AS we reported last month, China is aiming to nearly double its high-speed railway network by 2035 while plans are in place to build thousands of kilometres of metro and light rail lines in cities across the country.
The ambition in the US is more modest but no less urgent. Infrastructure spending is the talk of the town in Washington these days. President Joe Biden’s American Jobs Plan has metamorphosised into the Senate’s Infrastructure Bill, which was approved on August 10 when 19 Republican senators joined 50 Democrats in a rare display of bi-partisanship.
The $US 1 trillion package includes $US 550bn of new spending, everything from rolling out high-speed broadband, to replacing lead water pipes, and fixing crumbling roads. Passenger rail is another major beneficiary.
The plan earmarks $US 66bn for inter-city passenger rail while public transit will net $US 39.2bn. The $US 66bn sum includes $US 36bn for the Federal Railroad Administration (FRA), divided into $US 24bn for grants to support upgrades to the Washington, DC - New York - Boston North East Corridor (NEC) and $US 12bn for new and expanded inter-city rail, including high-speed, elsewhere in country. A further $US 8bn will support rail freight projects while Amtrak will receive $US 22bn. $US 6bn of this sum will support NEC improvements and $US 16bn will fund projects on its national network.
The legislation still has a little way to go to become law, and debates in the House this month will decide its fate. But with an apparent willingness on both sides of the aisle to get something done, there is optimism that Washington will deliver.
As Amtrak CEO William Flynn reveals, the state-owned passenger operator is excited about the transformative affect that this new spending will have. It hopes to deliver many of the projects identified in the Amtrak Connects US 15-year plan, which aims to connect 160 communities in 25 states by building new or improving existing rail corridors.
There are though two big challenges that Amtrak must overcome to deliver these targets: securing the track access it needs and receiving enough capital funding to deliver the necessary infrastructure improvements.
With an apparent willingness on both sides of the aisle to get something done, there is optimism that Washington will deliver.
Amtrak owns just 3% of the 34,400km of track used by its trains, mostly on the NEC where passenger trains have priority over freight and more than 70% of Acela trains run on time. On the national network where Amtrak uses host railways’ tracks, less than 60% of all long-distance trains run within 15 minutes of schedule and delays of many hours are common. This level of performance might be passable for a train used by tourists, but for others it is not acceptable and contributes to Amtrak’s poor public reputation.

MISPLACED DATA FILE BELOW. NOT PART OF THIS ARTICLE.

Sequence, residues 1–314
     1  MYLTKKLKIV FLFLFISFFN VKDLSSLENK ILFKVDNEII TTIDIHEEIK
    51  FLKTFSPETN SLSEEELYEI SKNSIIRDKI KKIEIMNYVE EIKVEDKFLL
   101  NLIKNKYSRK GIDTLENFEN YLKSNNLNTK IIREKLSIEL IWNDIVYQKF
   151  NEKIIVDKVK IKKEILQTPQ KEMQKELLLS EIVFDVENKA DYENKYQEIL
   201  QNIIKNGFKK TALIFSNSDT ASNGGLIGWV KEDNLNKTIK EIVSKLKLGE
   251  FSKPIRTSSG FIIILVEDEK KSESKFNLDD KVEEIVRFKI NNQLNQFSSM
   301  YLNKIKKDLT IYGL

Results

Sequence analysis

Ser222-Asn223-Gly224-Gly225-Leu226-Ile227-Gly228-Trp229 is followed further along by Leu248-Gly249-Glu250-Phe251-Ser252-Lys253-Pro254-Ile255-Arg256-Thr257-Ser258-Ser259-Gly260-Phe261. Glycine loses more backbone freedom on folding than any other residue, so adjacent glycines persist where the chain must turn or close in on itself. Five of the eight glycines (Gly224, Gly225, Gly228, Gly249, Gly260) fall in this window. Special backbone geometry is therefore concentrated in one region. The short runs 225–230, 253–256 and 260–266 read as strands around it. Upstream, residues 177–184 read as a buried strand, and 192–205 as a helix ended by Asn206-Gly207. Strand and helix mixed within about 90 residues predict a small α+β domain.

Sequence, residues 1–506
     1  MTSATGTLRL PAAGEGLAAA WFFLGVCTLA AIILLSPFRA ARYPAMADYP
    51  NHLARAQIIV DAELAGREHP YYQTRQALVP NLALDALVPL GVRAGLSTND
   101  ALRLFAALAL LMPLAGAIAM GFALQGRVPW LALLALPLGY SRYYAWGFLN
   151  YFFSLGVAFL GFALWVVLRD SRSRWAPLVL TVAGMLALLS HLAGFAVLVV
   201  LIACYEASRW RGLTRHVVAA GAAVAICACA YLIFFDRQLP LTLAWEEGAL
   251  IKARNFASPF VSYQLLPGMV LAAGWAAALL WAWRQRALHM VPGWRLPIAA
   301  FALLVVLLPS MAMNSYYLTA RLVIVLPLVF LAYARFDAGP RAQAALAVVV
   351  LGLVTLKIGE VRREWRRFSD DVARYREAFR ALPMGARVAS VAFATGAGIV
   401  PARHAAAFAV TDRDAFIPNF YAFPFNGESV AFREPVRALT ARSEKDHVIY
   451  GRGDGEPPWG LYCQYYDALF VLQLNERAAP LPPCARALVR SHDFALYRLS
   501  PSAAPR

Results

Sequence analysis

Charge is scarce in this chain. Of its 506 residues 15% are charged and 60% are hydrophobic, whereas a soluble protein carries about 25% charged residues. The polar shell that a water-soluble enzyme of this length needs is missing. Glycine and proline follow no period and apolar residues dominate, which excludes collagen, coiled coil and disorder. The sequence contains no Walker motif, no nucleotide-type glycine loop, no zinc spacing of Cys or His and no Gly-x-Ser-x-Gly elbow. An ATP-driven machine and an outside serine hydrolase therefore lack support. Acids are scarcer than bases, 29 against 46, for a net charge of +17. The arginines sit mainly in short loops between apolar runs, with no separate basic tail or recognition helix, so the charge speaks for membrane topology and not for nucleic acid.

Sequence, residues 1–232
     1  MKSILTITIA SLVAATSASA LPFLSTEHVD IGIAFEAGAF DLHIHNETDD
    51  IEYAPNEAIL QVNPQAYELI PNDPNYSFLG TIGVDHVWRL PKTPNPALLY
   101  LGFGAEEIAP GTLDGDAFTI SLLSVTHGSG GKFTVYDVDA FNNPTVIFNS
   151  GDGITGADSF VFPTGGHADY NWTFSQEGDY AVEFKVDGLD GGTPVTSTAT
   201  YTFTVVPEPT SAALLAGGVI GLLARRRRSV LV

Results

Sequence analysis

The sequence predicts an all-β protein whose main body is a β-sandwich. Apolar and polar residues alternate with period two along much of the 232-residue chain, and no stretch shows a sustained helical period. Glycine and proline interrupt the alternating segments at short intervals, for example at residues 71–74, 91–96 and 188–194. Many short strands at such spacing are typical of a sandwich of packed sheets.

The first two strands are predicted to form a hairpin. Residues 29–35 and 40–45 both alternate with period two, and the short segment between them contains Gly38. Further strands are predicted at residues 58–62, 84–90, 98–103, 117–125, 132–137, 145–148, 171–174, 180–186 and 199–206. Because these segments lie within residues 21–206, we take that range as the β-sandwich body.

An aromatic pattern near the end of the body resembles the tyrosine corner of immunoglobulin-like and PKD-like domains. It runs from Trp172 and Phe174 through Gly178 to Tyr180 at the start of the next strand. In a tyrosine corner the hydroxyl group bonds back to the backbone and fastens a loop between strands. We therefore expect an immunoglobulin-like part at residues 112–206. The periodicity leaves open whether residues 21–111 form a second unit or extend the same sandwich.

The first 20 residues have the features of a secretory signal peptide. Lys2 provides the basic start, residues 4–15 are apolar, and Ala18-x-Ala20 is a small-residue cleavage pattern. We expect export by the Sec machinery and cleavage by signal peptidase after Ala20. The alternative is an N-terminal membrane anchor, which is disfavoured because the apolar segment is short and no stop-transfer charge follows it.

While there is progress on some routes, notably in Virginia, Amtrak is currently struggling to reach a consensus with CSX and Norfolk Southern to introduce the Gulf Coast service between New Orleans and Mobile, Alabama. No passenger trains have run here since Hurricane Katrina caused widespread damage to tracks in 2005. The Surface Transportation Board (STB) has thrown out calls from the Class 1s to dismiss the case brought by Amtrak to introduce the train. And with President Biden’s executive order on competition in the US economy, which includes allowing open-access to rail infrastructure, upping the ante, the pressure is building. Indeed, Flynn says that with Amtrak simply requesting enforcement of the law granting it priority on host railways, this STB case is unlikely to be the last.
Compromise should be possible. Amtrak’s ambitions are after all modest: most Connect US corridor plans envisage just three or four trains per day. This is not Europe where trains run at 20-minute intervals on some key long-distance routes, side-lining freight. With modern operations management technologies, pathing these should be straightforward. Where there is a will there is most definitely a way.
The one line where European frequencies could be possible is the NEC. But it is held back by severe bottlenecks, which constrain capacity to just an hourly Acela service. Yet the cost of new tunnel and bridge projects is vast. The Gateway Program to build a new tunnel and repair the North River Tunnel, is estimated to cost $US 30bn alone, all but wiping out the FRA’s Infrastructure Bill allocation.
The Transit Costs Project at New York University attempts to find out why transit projects in New York cost more than 20-times more per kilometre than in Seoul. It found that the US lags behind peers in France and Japan and now China in the experience of delivering rail infrastructure projects, pushing up the cost. With no equivalent investment over the three or four decades, they argue that only a steady flow of projects will help American engineers to embrace international best practice and bring costs down. Of course, this is not an impossibility, the experience and know-how is out there. But a coherent long-term plan of continuous investment is needed to realise the ambitions.
President Dwight Eisenhower’s Interstate highway system is regarded as a shining example of American progress in the 20th century. Unfortunately, nothing to match this vast infrastructure programme has happened in the 60 years since.
The Biden administration hopes to be a leader on climate change which, following more record-breaking heat waves this summer, is very much a current phenomenon. Getting more people out of cars and onto passenger trains is a small but symbolic way of contributing. It is also a means for keeping up with China. Hopefully that is enough of a spur for Congress to deliver.